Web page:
As I said before, I totally admire Mr. Dickens work, mainly because of the way he used words, but also because he found a way to live off writing and create amazing pieces at the same time. While looking into A Christmas Carol history, to post it here, I came across this words by Dickens refering to his novel:
“I HAVE endeavoured in this Ghostly little book, to raise the Ghost of an Idea, which shall not put my readers out of humour with themselves, with each other, with the season, or with me. May it haunt their house pleasantly, and no one wish to lay it.
Their faithful Friend and Servant, C. D. December, 1843.”
It’s hard to believe it’s being this long since the novel was first written and how it’s become a tradition for the holiday season. I totally love the idea of the ghosts visiting Mt. Scrooge to make him see what’s his live has been, what’s like in the present and how it might be in the future. But what really takes my breath away’s the begining of it the story: “Marley was dead: to begin with. There is no doubt whatever about that”.
I’ve read it dozens of times and I still wonder, how on earth could Dickens come up with this begining? I guess I’ll neve know, but at the same time I’ll always have the chance to imagine once and again how it could’ve been. And while I’m doing that, Merry Christmas to you all out there!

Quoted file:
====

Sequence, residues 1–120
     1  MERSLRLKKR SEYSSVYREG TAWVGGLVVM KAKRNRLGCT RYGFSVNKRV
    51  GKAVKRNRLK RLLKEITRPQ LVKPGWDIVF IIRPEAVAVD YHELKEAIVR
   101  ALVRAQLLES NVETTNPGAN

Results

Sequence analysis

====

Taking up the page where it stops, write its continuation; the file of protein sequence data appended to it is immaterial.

And now that I’m talking about the good Mr. Charles Dickens, I have to say that what I like about him so much it’s the way he used the words to creat complete scenes with very detailed and lively characters, placed in towns that are so well describe that the readers are almost able to wander around their streets and chat with the characters. Dickens also has what’s for me the most amazing begining for a novel, in his Tale of two cities… “it was the best of times, it was the worst of times”. I got so amazed while reading that novel that I couldn’t stop until I got to the end of it. I love too A Christmas carol, and now that’s Christmas time, it’s a wonderful time to go back to it.
Long long time since I had the chance to come back here. But I’ve come back! During this silent time I finally got to the end of Final Theory, I liked the novel a lot, although the last two chapters were kind of just ok for me, may be because they came after a very fast paced plot where it was really impossible to guess what it would happen next, and in the end everything works all right… but after I few minutes thinking about it, I came to the conclusion that it was kind of hard to end the story any other way. I’m really glad I came across this book by Mark Alpert. Now, my new literary adventure lands on The Last Dickens, by Matthew Pearl. I’m just in page 14 but this is the kind of book I just can’t put down, not only because of the way it’s written but also because I’m a big fan of Mr. Charles Dickens, and the story happens in Boston, city which I like so much. So I have this vivid images in my mind of all the streets and places that are mentioned in the story. Can’t wait to come back to it. Happy reading!